Nine strokes or knowles heralded a man, and these were followed by one stroke for each year of his life; six knowles referred to a woman and three for a child, in each case being followed by rings for the relevant age.

Bells were rung to warn of impending danger too, such as an invasion, but I believe they were also rung in Malton and Middleham to celebrate the victory of a local horse in a classic race.

DURING a recent visit to Bedale, we took the opportunity of exploring the handsome parish church whose patron is St Gregory, otherwise known as Pope Gregory the Great. This is one of the finest examples of a fortified church in the North of England.

In the fourteenth century, the Scots made regular attacks on premises in Northern England and so the owners of farms and large houses did their best to protect themselves by fortifying their homes. The churches followed suit; the battlements on this church are not for mere decoration.

There has been a church on this site for at least 1,200 years, with Bedale possessing one built of stone around the ninth century. The present church, which is surprisingly light and airy, has a chequered history which is accompanied by lots of alterations and improvements over the centuries.

A sense of spaciousness is reinforced by the Lady Chapel which boasts a huge five-light window facing east. This window is unique and is thought to have come from Jervaulx Abbey.

One of my reference books (c1920) supports the belief that the window was added by stating that its stones are all numbered, something that was necessary for its re-construction on a new site, but I did not see those markings.

So far as I am aware, there is no firm proof that this window did come from Jervaulx but the story is sufficiently durable to make it a strong possibility.

One of the main benefactors was Brian Fitzalan, the Lord of Bedale, who was not related to the Fitzalan Howards, Earls of Arundel. Between 1287 and 1300, he added a broad south aisle which extended the Lady Chapel, and a chantry was also founded here by the Fitzalans for three priests to pray for deceased family members.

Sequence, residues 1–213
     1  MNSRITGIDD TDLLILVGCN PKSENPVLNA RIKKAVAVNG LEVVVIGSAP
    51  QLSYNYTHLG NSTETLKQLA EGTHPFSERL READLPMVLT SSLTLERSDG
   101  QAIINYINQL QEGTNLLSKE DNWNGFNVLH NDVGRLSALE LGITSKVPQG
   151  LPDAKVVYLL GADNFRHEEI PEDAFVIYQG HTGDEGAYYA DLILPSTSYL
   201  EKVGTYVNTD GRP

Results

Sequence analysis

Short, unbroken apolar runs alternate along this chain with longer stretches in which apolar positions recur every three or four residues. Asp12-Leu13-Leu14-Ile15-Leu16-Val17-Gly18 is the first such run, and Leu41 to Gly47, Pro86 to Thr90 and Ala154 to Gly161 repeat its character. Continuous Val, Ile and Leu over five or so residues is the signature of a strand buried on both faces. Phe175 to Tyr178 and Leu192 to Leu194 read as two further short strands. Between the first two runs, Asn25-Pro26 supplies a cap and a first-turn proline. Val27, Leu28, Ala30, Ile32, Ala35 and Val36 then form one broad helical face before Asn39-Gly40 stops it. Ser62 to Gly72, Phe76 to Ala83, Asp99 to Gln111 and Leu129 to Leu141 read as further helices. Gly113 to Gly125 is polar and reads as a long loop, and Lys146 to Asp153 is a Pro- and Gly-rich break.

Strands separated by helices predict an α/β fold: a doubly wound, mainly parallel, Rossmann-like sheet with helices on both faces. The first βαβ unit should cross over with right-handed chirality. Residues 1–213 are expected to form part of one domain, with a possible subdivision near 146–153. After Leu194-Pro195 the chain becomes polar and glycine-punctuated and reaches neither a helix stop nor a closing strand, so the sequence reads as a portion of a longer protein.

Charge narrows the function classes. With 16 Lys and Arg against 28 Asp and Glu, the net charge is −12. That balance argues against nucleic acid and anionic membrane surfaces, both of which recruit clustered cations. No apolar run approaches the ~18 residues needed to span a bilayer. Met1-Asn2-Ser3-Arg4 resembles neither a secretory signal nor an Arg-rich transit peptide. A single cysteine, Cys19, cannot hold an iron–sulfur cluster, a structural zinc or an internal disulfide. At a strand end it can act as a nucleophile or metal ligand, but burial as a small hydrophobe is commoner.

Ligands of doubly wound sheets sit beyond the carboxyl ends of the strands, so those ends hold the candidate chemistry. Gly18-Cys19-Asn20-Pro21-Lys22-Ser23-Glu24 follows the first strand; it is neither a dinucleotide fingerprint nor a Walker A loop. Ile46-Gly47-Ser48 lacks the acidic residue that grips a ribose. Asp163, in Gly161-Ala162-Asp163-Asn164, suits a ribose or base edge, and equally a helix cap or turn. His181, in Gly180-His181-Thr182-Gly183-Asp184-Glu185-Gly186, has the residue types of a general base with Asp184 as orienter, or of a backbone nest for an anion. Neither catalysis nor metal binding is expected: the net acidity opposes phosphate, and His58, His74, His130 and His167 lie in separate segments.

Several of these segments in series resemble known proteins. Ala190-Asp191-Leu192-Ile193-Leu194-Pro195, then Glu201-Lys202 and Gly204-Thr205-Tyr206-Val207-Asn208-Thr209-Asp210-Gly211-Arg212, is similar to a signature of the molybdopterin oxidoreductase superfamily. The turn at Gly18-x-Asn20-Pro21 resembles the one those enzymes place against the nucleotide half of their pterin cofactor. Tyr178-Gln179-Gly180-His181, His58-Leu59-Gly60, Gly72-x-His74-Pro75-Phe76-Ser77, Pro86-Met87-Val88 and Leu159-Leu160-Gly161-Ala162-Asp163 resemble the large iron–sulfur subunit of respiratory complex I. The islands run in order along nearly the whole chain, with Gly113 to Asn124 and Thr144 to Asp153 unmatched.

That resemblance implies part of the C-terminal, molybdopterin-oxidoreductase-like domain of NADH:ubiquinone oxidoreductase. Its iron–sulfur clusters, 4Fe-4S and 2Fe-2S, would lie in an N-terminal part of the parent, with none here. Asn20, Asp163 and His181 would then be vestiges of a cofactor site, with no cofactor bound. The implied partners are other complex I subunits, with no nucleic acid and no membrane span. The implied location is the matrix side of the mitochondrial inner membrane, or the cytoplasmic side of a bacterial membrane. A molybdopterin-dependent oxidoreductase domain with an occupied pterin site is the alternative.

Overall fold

There is lots of evidence the church's Catholic past, from the carvings on the modern pulpit which depict the life of Pope Gregory to the empty niche above the porch which once contained a statue of the Virgin Mary. Other striking reminders are the amazing wall paintings, including one of St George and the Dragon. This was covered with whitewash during the Reformation but revealed during restoration work in 1926.

It is unusual in that St George has his lance in his left hand! So was St George really left-handed? These old churches can tell such interesting stories!

NO VISIT to Bedale is complete without a tour of Thorp Perrow Arboretum, particularly when its wonderful collection of trees are draped in their stunning autumn colours. We arrived to find huge crowds of visitors, all with the same idea but once inside there was ample space for all. We could tour its 85 acres in comfort and in fact, had our picnic within the grounds as we admired the trees.

It is difficult to mention particular trees because so many are very special but there is a Sicilian fir, one of only 20 or so left in the wild. Another is the Bishop pine which holds its seeds for up to 50 years, releasing them when forest fires of California engulf them. The seeds drop into the ash on the forest floor and then germinate - not surprisingly, these are known as fire-climax trees.

There is the Judas tree, a native of the eastern Mediterranean regions and supposedly the tree upon which Judas hanged himself. The Hungarian oak has leaves which can grow 8ins long while the leaves of the western red cedar smell like pineapples.

Another, the dawn redwood, was thought to have become extinct more than 200m years ago, until one was found in China in 1941 - and there is one here!